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2009 State of the Market Report

Transmission Congestion

As in prior years, over two-thirds of real-time congestion occurred in the eastern half of the footprint. However congestion occurred more uniformly across the footprint in 2009 than in 2008. Congestion was down 10 percent in the East and 14 percent in the Central region, respectively, while it rose 50 percent (to $167 million) in the West due to increasing supply in that region (primarily wind resources). Transmission upgrades contributed to lower congestion into WUMS in 2009.

The figure also shows transmission constraints were binding more frequently in 2009, from 1.03 constraints per interval to 1.21. This is largely due to more low voltage constraints binding (partly as a result of uncontrollable wind generation in the West). The frequency of these constraints generally increased throughout the year.

To better identify the sources of congestion, Figure 55 shows the value of real-time congestion by type of constraint. This is computed in the same manner as the value of congestion in the previous analysis. For our analysis, we define four types of constraints:

  • Constraints internal to the Midwest ISO that are not coordinated with PJM. These are not market-to-market constraints and are labeled as “internal” constraints in our analysis;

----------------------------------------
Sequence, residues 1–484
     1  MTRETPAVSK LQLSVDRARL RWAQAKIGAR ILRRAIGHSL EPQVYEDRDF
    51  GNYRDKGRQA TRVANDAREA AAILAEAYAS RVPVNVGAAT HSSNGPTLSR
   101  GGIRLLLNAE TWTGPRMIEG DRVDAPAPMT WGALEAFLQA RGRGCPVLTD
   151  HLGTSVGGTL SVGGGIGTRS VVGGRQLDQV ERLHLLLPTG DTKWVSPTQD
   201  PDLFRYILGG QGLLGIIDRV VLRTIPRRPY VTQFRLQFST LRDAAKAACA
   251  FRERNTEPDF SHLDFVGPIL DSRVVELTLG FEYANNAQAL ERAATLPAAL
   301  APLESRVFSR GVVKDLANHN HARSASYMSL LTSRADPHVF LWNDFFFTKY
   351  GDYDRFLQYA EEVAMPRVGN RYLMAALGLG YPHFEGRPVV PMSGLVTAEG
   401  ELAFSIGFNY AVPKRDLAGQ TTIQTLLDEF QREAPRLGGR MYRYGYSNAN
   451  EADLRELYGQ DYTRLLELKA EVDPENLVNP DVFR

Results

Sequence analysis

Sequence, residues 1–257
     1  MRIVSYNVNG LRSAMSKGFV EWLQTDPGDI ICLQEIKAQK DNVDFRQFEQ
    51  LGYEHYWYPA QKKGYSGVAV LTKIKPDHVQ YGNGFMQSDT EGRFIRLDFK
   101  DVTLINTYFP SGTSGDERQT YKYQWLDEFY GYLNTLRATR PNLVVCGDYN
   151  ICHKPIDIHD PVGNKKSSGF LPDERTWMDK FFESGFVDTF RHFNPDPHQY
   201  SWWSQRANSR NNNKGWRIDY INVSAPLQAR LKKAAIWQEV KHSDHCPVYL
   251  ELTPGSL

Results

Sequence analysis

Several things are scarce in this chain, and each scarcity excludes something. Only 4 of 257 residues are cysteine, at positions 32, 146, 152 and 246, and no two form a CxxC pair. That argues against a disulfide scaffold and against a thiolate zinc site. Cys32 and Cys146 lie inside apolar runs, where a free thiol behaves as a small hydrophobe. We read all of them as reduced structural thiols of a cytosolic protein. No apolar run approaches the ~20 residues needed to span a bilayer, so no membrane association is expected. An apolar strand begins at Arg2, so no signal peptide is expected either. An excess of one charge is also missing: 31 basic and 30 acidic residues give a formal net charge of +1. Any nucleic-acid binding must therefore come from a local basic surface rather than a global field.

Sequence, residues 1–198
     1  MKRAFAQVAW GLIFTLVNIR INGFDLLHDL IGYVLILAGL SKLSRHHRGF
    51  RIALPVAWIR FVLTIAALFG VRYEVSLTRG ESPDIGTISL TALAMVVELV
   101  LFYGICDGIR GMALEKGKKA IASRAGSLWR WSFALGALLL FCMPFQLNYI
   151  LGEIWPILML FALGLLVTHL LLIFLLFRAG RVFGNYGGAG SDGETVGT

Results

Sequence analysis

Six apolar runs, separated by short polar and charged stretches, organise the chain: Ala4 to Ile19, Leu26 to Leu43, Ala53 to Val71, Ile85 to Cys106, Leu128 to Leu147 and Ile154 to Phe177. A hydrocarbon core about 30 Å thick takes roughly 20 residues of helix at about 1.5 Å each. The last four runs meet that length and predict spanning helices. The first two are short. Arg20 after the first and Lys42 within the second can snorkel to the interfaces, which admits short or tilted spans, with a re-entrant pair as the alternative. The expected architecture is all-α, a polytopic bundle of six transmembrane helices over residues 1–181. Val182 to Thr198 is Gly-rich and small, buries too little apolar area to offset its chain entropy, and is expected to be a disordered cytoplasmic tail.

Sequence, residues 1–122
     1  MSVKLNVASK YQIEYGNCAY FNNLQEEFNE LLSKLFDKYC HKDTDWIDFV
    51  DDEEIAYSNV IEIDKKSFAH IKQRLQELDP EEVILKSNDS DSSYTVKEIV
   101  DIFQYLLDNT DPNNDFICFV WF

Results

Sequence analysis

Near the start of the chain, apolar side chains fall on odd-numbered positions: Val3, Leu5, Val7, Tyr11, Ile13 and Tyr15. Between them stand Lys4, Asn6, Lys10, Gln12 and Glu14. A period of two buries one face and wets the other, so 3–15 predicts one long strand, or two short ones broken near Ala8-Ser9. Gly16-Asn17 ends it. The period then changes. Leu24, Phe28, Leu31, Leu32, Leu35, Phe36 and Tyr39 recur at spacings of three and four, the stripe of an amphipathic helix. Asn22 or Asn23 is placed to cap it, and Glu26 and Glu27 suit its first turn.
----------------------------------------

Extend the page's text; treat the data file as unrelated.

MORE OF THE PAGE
• The Midwest ISO constraints coordinated with PJM. These are labeled as Midwest ISO market-to-market constraints;

  • The PJM constraints coordinated with the Midwest ISO. These are labeled as PJM market-to-market constraints; and

  • Constraints located on other systems that the Midwest ISO must redispatch to relieve when Transmission Loading Relief (“TLR”) is requested. These are referred to as “external” constraints in our analysis. Congestion occurs on external constraints when a TLR is called on a neighboring system that causes Midwest ISO to re-dispatch its generation.

As in prior years, most of the congestion in 2009 occurred on Midwest ISO-managed constraints (internal and Midwest ISO market-to-market constraints), which represent over 90 percent of the total congestion value. Of this congestion on the Midwest ISO system, over 40 percent occurred on market-to-market constraints. Although relatively few constraints are coordinated under the market-to-market process, those constraints are some of the most valuable on the Midwest ISO system. The top five constraints alone comprised 61 percent of all market-to-market congestion

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